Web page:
Soldiering This great Nation & Its People War


Uncle Bob was a wild man. He was also a patriot and a truly great American.


Everybody needs an Uncle Bob. In a family rife with characters, he stood out from the rest. Uncle Bob just had no filter. Born the 13th of 14 children, Uncle Bob always looked a bit disheveled. Alcoholics are like that. However, to us kids, Uncle Bob was fun, enigmatic — and cool.

Once we were at a big throwdown at my great aunt’s place. She was a wealthy lady with a live-in housekeeper and cook named Papita. Papita cooked artistically, fixing color-coordinated dishes using exotic vegetables. The kids despised her food but were commanded to eat it cheerfully on pain of death. This particular day there were perhaps a dozen of us total. Uncle Bob just happened to drop by.

Papita served dinner with a flourish. The squash casseroles, steamed beets and sundry quiches elicited oohs and ahhs from the accumulated womenfolk. I began inwardly counting the minutes until breakfast myself. Uncle Bob surveyed the massive spread and said matter-of-factly, “I’m ordering pizza. Anybody with me?”

To the utter horror of the ladies present, he then glided into the living room trailing a battalion of gleeful children. He was like the Pied Piper of Pizza.

Operation Plunder was the overarching Allied initiative to breach the Rhine River into Germany. The Germans did not take it lightly.

Uncle Bob’s bridge at Oppenheim, Germany, got Patton
and his tanks across the Rhine River.

The Teller Of Tall Tales


We always assumed Uncle Bob was just a liar. He oft-related a story about shooting down a Zero at Pearl Harbor with an M1 rifle. Uncle Bob was a combat engineer in the Army, not the Navy, so we always figured he had hallucinated this yarn. He also told of building a pontoon bridge across the Rhine River. He claimed General Patton called down to him and said, “Soldier, will that bridge hold my tanks?”
Uncle Bob said he answered, “C’mon General, it’ll hold your tanks.”

General Patton then walked to the middle of the bridge, unbuttoned his fly and urinated into the Rhine River. The revered general said he had wanted to do that for four years. His soldiers then joined in the celebration, collectively urinating into the Rhine.

We had always enjoyed Uncle Bob’s stories but took them with a serious grain of salt. I found out only years after he passed the Army did indeed pull combat engineers from the Pacific to Europe in support of the fight against the Nazis. Imagine my surprise when I read Citizen Soldiers by Stephen Ambrose and found Uncle Bob’s story about building Patton a bridge across the Rhine related exactly as he had always told it to us. Apparently Uncle Bob’s stories were true.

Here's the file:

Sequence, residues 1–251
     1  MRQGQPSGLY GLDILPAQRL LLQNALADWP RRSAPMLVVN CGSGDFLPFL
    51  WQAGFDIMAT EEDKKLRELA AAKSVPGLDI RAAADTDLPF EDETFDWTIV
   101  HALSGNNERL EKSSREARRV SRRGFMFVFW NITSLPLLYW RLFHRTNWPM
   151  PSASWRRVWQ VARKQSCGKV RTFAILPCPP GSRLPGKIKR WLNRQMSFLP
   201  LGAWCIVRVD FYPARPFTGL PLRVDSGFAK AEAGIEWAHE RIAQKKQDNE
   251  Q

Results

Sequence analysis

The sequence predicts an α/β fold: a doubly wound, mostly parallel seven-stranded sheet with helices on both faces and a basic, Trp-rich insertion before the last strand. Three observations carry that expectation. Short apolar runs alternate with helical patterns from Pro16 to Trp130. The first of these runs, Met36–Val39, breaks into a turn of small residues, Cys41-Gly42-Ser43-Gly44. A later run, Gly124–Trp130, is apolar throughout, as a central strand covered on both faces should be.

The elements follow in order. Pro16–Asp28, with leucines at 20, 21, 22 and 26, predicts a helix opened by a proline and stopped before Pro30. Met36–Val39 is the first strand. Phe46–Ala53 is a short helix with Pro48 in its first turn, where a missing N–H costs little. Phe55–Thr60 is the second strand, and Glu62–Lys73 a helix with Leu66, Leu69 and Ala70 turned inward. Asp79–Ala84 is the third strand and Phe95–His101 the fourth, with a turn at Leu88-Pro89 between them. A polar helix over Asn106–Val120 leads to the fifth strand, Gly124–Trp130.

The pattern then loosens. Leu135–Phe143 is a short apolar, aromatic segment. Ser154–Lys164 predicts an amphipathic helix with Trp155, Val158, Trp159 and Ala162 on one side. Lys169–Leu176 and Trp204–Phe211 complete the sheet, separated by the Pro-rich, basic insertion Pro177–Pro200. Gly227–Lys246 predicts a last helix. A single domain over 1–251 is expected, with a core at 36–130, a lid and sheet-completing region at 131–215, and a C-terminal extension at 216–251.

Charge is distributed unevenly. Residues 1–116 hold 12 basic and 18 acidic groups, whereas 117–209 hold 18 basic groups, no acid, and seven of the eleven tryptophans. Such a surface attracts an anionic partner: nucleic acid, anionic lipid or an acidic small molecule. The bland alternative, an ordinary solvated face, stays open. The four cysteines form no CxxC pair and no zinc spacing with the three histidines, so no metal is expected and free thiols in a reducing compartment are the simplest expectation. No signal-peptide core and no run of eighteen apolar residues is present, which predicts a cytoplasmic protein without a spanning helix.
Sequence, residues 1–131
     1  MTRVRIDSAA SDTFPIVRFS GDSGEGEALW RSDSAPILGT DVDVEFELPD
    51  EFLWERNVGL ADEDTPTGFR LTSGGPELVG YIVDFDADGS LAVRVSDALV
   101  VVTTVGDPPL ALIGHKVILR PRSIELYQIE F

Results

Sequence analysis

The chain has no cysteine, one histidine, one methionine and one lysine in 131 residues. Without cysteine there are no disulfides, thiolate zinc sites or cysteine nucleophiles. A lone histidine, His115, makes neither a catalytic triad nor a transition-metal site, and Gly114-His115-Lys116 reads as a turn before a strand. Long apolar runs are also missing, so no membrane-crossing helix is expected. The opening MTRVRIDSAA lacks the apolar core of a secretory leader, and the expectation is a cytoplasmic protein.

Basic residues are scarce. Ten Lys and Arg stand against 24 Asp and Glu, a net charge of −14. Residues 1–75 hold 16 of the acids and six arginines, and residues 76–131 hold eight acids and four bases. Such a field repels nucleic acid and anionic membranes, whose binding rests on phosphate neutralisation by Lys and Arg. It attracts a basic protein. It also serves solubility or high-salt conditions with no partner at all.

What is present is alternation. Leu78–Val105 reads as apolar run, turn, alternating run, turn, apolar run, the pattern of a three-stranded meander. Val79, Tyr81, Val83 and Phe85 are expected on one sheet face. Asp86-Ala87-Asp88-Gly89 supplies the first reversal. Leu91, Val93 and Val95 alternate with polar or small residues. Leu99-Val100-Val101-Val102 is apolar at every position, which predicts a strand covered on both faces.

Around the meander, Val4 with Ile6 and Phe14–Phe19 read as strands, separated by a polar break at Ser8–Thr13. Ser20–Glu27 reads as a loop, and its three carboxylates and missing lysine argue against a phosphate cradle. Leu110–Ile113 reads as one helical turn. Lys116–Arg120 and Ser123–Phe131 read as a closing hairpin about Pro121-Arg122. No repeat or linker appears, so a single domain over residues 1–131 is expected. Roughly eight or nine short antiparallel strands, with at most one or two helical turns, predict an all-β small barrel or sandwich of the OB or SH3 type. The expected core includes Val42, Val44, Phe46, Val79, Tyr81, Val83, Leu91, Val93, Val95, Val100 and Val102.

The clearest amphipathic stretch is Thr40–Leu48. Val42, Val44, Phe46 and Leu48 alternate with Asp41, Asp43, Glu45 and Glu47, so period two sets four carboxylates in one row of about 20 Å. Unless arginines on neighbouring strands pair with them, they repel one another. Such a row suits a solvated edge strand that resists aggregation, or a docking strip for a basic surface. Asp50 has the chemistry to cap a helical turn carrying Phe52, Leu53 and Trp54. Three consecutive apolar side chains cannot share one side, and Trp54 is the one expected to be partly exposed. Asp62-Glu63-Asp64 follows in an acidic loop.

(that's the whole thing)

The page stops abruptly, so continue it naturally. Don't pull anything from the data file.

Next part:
Patton relieved himself off of Uncle Bob’s pontoon bridge at Oppenheim, Germany, on March 23, 1945. He had planned to keep the event a secret just to see how deep into Germany he could push before the Nazis pushed back. Once he heard Montgomery was nearing the Rhine himself, Patton cabled Omar Bradley and asked him to shout it from the heavens. The evening of his crossing Patton sent the following cable to General Eisenhower, “Dear SHAEF [Supreme Headquarters Allied Expeditionary Force], I have just pissed into the Rhine River. For God’s sake, send some gasoline.”

Uncle Bob’s bridge at Oppenheim, Germany, got Patton
and his tanks across the Rhine River.



Uncle Bob weighed 130 lbs. when he went off to war. He earned a football scholarship to Louisiana Tech at the same size. You’ve all heard the old adage, “It’s not the size of the dog in the fight but rather the size of the fight in the dog.” They wrote it about Uncle Bob.

Today’s generation doesn’t make people like Uncle Bob anymore. They honestly don’t deserve them, either. Had George Patton served in today’s politically enlightened woke Army he never would have made Captain. Uncle Bob would likely have been rejected outright as underweight.

Uncle Bob never was quite right after the war. He killed a fifth of liquor every afternoon and went to bed when the bottle was dry. He married late in life and died without children.

Though I was too young to know him well, I heard his stories passed around the family back during a time when such stories were commonplace in American families. He spoke obliquely of the carnage at Pearl but would seldom elaborate. With the benefit of age, maturity, hindsight and a little time in uniform myself, I now understand why.

Though Uncle Bob survived the war, in reality he nonetheless still gave his life for his country. The nightmares and the brokenness drove him toward drink and away from healthy human relationships. He also had quite a lot of company in that regard. Across the country young men who had seen and assimilated too much too soon tried and failed to exorcise their demons at a time when the world didn’t recognize the problem. We owe all those awesome old guys a debt we can never hope to repay.

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